The Kindle makes another convert

64-year-old British writer Max Hastings, a self-professed technological traditionalist, has a new best friend—an Amazon Kindle. He first encountered it in Kenya, of all places, and after he expressed an interest a friend bought him one.

After a month of using it, he finds himself completely hooked.

Some friends ask sceptically: ‘But isn’t it hard to read on screen?’ I do not find it so. There is a magic about being able to flip between authors from hour to hour and even minute to minute, as if let loose in a giant’s library. On impulse, in the middle of nowhere one can suddenly decide to buy a book, online. Inside a minute, there it is on screen – instant gratification.

Hastings talks about how the Kindle works, how to get books, Amazon’s liberal replacement policies, pricing, and so forth—mostly stuff we already know.

But it is a great reminder of why Amazon is doing so well in the e-book market. They’ve done enough things “right” that the Kindle’s appeal reaches across all demographics. Now, if they could only make it cheaper…

2 Comments on The Kindle makes another convert

  1. Alexander Inglis // April 26, 2010 at 6:35 pm //

    Max Hasting’s article is a terrific read and a welcome balm after the assault of geeks more interested in video than text. Kinda resets the scales, for a bit. Thanks, Chris!

    “But it is a great reminder of why Amazon is doing so well in the e-book market. They’ve done enough things “right” that the Kindle’s appeal reaches across all demographics. Now, if they could only make it cheaper…”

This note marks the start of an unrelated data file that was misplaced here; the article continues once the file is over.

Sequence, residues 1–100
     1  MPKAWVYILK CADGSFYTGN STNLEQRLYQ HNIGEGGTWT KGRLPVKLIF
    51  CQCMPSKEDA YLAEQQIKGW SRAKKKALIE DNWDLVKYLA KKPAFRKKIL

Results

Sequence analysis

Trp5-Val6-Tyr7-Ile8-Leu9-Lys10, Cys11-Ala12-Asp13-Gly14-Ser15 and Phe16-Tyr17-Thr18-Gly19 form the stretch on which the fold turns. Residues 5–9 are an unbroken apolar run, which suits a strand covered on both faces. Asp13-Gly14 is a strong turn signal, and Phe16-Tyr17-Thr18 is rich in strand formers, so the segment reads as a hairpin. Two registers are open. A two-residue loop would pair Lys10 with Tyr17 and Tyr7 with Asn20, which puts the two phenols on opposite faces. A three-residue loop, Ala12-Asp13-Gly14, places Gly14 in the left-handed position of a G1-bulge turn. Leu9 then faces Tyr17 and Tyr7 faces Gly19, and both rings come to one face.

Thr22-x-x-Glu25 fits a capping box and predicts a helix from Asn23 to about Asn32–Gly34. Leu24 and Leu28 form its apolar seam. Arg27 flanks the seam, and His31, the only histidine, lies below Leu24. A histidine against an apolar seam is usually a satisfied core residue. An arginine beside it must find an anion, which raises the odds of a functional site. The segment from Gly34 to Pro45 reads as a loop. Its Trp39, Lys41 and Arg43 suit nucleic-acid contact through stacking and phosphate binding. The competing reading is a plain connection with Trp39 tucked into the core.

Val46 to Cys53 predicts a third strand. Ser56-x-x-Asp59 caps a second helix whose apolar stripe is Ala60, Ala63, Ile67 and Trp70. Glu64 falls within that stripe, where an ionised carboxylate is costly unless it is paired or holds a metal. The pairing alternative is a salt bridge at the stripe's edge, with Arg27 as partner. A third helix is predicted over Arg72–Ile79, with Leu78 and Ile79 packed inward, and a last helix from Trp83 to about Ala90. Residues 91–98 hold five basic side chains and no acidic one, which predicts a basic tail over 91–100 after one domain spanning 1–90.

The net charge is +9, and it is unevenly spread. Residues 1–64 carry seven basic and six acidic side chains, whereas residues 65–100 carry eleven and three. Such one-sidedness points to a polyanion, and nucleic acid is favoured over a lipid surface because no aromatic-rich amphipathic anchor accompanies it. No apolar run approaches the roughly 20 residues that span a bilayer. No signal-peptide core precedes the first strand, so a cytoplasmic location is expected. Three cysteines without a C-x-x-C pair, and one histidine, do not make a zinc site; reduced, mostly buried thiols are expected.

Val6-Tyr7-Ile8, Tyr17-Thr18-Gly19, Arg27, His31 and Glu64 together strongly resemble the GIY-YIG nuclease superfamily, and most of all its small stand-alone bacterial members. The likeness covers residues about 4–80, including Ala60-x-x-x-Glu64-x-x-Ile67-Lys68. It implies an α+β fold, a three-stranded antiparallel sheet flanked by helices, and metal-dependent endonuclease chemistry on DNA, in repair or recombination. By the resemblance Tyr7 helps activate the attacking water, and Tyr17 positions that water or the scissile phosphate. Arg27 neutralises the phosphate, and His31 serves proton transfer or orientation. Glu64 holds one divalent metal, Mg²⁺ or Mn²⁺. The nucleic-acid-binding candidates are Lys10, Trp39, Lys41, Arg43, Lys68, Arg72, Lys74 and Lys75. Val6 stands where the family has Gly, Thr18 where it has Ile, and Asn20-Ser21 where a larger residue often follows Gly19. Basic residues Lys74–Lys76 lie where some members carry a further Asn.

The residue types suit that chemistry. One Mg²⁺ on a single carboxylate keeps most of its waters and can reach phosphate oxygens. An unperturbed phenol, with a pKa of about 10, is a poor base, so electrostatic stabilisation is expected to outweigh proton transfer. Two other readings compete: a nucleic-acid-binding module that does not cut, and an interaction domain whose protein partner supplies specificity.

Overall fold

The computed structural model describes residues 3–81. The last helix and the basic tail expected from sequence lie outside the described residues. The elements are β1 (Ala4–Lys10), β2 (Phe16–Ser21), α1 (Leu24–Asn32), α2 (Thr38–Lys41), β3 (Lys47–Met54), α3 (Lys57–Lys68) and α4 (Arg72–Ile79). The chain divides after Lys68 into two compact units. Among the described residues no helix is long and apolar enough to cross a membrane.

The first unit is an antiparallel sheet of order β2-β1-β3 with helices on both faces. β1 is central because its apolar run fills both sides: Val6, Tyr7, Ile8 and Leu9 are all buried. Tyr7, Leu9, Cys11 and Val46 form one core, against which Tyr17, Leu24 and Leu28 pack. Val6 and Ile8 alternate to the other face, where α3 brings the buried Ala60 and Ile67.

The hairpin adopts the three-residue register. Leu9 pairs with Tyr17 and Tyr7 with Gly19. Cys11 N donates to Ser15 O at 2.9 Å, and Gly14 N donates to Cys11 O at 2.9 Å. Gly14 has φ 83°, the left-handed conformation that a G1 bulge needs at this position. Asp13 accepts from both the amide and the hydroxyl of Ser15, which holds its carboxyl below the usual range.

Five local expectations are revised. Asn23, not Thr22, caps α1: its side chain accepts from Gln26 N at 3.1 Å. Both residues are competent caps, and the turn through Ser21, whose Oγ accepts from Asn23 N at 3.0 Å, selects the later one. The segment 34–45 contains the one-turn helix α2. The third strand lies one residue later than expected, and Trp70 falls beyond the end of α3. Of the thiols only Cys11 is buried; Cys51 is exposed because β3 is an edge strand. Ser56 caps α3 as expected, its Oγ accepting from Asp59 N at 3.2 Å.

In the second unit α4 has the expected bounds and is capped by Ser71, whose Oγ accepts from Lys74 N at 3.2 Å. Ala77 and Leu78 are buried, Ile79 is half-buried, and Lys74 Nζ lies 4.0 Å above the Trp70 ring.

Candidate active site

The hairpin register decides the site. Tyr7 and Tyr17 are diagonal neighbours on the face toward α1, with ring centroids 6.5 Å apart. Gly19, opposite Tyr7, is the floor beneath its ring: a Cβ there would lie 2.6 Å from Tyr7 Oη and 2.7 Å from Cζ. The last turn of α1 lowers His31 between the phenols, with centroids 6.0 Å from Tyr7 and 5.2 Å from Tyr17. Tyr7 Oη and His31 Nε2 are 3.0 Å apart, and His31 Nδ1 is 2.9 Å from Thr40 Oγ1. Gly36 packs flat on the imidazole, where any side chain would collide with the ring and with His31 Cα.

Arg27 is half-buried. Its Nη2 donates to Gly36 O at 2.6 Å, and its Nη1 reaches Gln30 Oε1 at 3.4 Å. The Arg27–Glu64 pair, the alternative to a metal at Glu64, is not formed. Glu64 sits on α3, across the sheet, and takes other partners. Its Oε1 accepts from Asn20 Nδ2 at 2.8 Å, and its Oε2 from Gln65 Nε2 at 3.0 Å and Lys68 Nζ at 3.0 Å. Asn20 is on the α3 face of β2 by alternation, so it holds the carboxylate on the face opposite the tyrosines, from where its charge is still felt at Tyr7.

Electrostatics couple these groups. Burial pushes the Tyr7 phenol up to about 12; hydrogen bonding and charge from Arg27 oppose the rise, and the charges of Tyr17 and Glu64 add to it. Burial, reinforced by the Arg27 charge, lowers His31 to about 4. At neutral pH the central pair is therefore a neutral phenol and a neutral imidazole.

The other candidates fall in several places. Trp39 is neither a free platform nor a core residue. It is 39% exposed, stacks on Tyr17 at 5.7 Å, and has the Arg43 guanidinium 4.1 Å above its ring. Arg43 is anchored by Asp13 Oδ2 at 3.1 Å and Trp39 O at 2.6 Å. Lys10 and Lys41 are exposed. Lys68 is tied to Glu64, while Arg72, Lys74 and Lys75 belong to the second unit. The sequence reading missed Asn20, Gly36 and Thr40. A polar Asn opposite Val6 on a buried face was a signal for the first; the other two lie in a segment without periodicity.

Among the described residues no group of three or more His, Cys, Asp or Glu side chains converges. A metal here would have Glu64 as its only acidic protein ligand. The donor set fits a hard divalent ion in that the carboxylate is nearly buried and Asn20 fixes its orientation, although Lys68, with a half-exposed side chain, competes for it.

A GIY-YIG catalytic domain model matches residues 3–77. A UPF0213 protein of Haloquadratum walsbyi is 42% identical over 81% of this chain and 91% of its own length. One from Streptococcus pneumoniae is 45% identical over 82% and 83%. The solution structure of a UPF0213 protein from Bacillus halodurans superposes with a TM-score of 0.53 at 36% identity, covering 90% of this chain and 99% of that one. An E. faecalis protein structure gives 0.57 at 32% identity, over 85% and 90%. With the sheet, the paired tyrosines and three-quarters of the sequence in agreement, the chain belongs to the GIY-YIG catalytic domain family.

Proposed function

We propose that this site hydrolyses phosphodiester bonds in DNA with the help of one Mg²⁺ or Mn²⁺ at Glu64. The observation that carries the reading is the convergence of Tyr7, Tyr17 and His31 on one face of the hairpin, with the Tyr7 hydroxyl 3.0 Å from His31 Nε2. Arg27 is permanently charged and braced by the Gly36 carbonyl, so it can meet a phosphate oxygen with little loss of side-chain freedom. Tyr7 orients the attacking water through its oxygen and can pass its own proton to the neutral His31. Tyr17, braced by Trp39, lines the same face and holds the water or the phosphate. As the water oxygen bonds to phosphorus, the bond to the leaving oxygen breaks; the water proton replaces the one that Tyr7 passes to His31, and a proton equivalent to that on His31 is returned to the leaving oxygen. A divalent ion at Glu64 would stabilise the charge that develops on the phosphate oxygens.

Yup, customer service, online shopping, personalised recommendations, depth of catalog and database … Amazon has no direct rivals and has created a significant entry bar.

    But cheaper? Well, yes: everyone wants things cheaper — count me in! But you know: 6″ e-ink screen, keyboard entry, text-to-speech, embedded dictionary, 3G access worldwide, free sample chapters for virtually all titles, Wikipedia world wide, and all the perks US customers get — is there any other e-reader which packs as much in $259? Cheaper from other vendors comes strictly with trade-offs. The single vulnerability is ePub library support.

  2. Yes. A bit cheaper AND add non-DRM’d ePub reading capability (a must). A big boost for academic/business users would be their getting the full Adobe license in order to allow editing of PDFs.

    Thanks, Chris, for the pointer to the terrific piece.

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